So how could this have been made to work better? Sure, there are trivial things that could have been done... don't make the room look like a lecture hall for a start? Don't provide chairs? Don't provide a podium? Would any of these made the session any better?

Don't allow the use of slides? Seems kind of like throwing the baby out with the bathwater?

Don't give panel members speaking slot at all? Erm...

I think there are interesting possibilities in terms of using your avatar's position in the meeting space and/or colors or other indicators to show how you feel about what is currently being said. That might work well in the context of a panel - where presumably some position (or positions) on a particular topic are being discussed.

On the other hand, discussions in SL tend to be relatively unstructured and chaotic (is that SL's most novel feature?) and my suspicion is that trying to indicate a coherent feeling around a range of disparate threads in a multi-way conversation might be very difficult.

Despite my general skepticism about voice in SL, I do think that it has a place in meeting-like scenarios, i.e. in situations in which there is a speaker who, temporarily at least, is given the floor. Using voice for the speaker is much more efficient and effective than carrying everything by chat. More importantly, it leaves chat open as the back-channel for discussion by the people listening.

I think there are some difficult issues in this area. It's easy to knock SL as a place where unimaginative people simply re-create what happens in the real world. But there are valid reasons why that is done, at least in some cases.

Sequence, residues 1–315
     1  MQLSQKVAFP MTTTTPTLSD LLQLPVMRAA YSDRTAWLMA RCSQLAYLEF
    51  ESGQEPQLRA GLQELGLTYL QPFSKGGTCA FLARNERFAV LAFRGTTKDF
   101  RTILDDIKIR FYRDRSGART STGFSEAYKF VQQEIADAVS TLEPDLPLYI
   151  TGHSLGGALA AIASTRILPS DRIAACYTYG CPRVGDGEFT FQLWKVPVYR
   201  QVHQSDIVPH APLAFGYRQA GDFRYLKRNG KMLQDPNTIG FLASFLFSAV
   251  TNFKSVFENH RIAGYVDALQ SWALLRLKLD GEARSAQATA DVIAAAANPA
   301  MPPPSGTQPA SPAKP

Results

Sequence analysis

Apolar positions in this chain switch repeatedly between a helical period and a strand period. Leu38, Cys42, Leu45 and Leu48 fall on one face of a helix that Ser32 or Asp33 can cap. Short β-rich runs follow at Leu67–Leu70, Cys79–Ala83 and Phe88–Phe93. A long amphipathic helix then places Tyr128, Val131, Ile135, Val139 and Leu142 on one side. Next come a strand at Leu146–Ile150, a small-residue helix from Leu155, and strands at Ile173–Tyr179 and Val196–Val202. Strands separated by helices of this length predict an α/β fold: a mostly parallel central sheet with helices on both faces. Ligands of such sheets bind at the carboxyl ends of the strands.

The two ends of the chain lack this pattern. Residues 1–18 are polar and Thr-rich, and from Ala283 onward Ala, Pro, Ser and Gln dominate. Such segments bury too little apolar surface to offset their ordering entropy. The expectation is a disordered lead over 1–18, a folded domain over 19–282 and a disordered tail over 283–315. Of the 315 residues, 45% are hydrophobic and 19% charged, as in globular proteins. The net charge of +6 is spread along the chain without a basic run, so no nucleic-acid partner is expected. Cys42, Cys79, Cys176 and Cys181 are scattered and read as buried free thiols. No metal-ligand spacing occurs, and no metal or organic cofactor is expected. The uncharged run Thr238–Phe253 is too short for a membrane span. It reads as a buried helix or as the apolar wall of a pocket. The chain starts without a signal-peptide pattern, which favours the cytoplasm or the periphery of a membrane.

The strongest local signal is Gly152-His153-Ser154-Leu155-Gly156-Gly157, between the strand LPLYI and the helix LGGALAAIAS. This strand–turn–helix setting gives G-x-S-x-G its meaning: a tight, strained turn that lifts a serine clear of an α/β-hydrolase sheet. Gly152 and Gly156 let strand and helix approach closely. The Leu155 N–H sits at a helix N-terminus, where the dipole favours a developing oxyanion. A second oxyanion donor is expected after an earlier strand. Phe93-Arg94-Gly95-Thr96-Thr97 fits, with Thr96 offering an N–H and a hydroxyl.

Over to you... how would you use SL to share and discuss 4 positions on a topic without it simply looking like a re-creation of a traditional RL panel session?

Friday, 4 July 2008

Uptown top banking

According to the AvaStar, the banks are back, though only those that have been accredited by Linden Lab.

Can anyone explain what the use-case is for using a Second Life bank? I can't really see why anyone would want to do so unless they are somehow able to offer better interest than I could reasonably get in RL. Am I being thick? Is it just to cater for residents that "do not have Paypal or a major U.S. credit card account in USD"?

Quick experiment... LeeX (a European SL-accredited bank) is offering a special deal right now, L$10,000 for 27.40 Euros - that's US$43.01. I'm assuming that this includes any transaction charges - I did try signing up to LeeX to confirm this but I couldn't make the Web site work properly.

Whatever... on LindenX (i.e. buying L$ thru the Second Life Web site) I can get L$11275 for $43.01. So, on the face of it, LeeX looks like a bad deal.

In both cases I will be charged some commission by Paypal because I bank in UK pounds sterling in RL and I'm buying L$ in either US dollars or Euros. I don't know if I am charged the same commission for US dollars and Euros.

OK, I'm confused... I still don't really understand why I should care that there are banks in SL.

Can someone enlighten me??


The Dorkbot session that has been arranged for 6 July 1:00 pm PDT / 22:00 CET at the Odyssey Simulator sounds good, particularly to people with an interest in machinima:
JJ Ventrella (a.k.a. Ventrella Linden) will present the avatar puppeteering project. A project motivated to bring more expression to the avatar, by enabling a more fluid and direct way to manipulate the ‘physical avatar’. This is a Linden Lab project that unfortunetely was ‘put to sleep’ as Linden Lab decided to focus on the stability of Second Life and internal opinions differed over how compelling the feature really is. Last month however, Linden Lab released the client source code of this project, to allow other people to build on it (and convince them otherwise).
Apart from anything else, the name is great!